This salad will provide a refuge from the holiday insanity (or, perhaps, some rejuvenation after the Big Day). I came across the recipe on Shannon’s blog while catching up on blog reading (another area I’m woefully behind). The original hails from Molly, and, like all of her recipes, it’s a winner. It’s quick (start to finish in less than 30 minutes), satisfying and nutritious all at once. The combination of butternut squash (for just a hint of sweetness) and chickpeas (for protein) with a smattering of red onion (for bite) and aromatic cilantro (for–well, for deliciousness) is addicting.
I had it for lunch yesterday, then again today. The creamy cloak of tahini drizzled over the warmed squash base makes for a delightful contrast in flavors and temperatures, reminiscent of the all-in-one dinner bowls I wrote about a while back. In fact, I think this would be more than sufficient for dinner if served with a healthy grain or hunk of hearty bread.
*Of course it wasn’t jet-lag; there’s no time difference between Toronto and Montreal. It was just wishful thinking.
Warm Butternut Salad with Chickpeas and Tahini Dressing
adapted from Orangette
Oddly, even though the original recipe is called “Warm Butternut Salad,” Molly’s instructions tell us to cool the squash and not re-heat it. I simply used the squash almost straight from the oven to keep the base warm, and to save time.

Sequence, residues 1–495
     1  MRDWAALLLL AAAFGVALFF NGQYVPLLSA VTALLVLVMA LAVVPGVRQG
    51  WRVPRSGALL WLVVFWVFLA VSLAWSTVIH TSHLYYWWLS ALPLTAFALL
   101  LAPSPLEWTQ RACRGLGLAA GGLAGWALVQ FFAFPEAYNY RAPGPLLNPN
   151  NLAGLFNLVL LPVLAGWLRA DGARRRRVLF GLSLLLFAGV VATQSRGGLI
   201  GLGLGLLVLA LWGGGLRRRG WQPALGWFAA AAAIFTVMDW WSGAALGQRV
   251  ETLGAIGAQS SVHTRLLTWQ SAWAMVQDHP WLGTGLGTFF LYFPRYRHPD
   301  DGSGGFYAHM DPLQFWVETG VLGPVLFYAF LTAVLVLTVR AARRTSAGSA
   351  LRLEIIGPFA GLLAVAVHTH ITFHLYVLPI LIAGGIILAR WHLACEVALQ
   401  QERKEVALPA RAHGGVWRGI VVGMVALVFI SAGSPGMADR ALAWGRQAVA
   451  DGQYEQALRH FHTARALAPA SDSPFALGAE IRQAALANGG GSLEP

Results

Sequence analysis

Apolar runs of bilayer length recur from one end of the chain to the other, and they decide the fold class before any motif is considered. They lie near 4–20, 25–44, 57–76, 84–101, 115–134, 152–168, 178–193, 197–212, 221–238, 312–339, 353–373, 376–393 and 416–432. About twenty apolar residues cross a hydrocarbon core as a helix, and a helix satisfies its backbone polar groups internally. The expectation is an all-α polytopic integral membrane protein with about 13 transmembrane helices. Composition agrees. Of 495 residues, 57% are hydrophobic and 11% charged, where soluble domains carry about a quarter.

For the Salad:
1 medium butternut squash, peeled, seeded and cut into 1″ (2.5 cm) pieces
1 large garlic clove, minced
1/2 tsp (2.5 ml) allspice (I’d go with 3/4 tsp or 3.5 ml next time)
2 Tbsp (30 ml) extra virgin olive oil, preferably organic
fine sea salt, to taste
1-1/2 cups (360 ml) cooked chickpeas, or one 15 oz (425 g) can, drained and rinsed very well
1/2 small red onion, finely chopped
1/3 cup (80 ml) fresh cilantro, finely chopped
For the Tahini Dressing:
2 Tbsp (30 ml) extra virgin olive oil, preferably organic
3 Tbsp (45 ml) well-stirred tahini
1 medium garlic clove, finely minced
3-1/2 Tbsp (52.5 ml) fresh lemon juice (not bottled)
2-4 Tbsp (30-60 ml) water, as needed
Preheat the oven to 425F (220C). Line a rimmed cookie sheet with parchment paper, or spray with nonstick spray.
In a large bowl, combine the butternut squash, 1 clove garlic, allspice, 2 Tbsp (30 ml) olive oil, and salt to taste. Use a large spoon or your hands to toss the squash until everything is evenly coated. Turn the mixture onto the baking sheet and bake in preheated oven for 20-30 minutes, until the squash is just tender (take care not to overbake at this stage). Remove from oven and cool about 5 minutes.
Meanwhile, prepare the dressing: in a small bowl or glass measuring cup, whisk together the 2 Tbsp (30 ml) olive oil and tahini until smooth. Add remaining ingredients (start with just 2 Tbsp/30 ml water) and whisk until smooth; the sauce should be the texture of thick cream. Taste and adjust seasoning if necessary (I had to add a bit more lemon juice).
To assemble: combine the baked squash, chickpeas, onion, and cilantro in a mixing bowl and toss gently (so as not to break up the squash). For individual servings, spoon onto plates and drizzle each individually with dressing. Or toss the entire salad and serve in a large bowl, family-style. Makes 4-6 servings. Will keep, covered, in the refrigerator up to 3 days.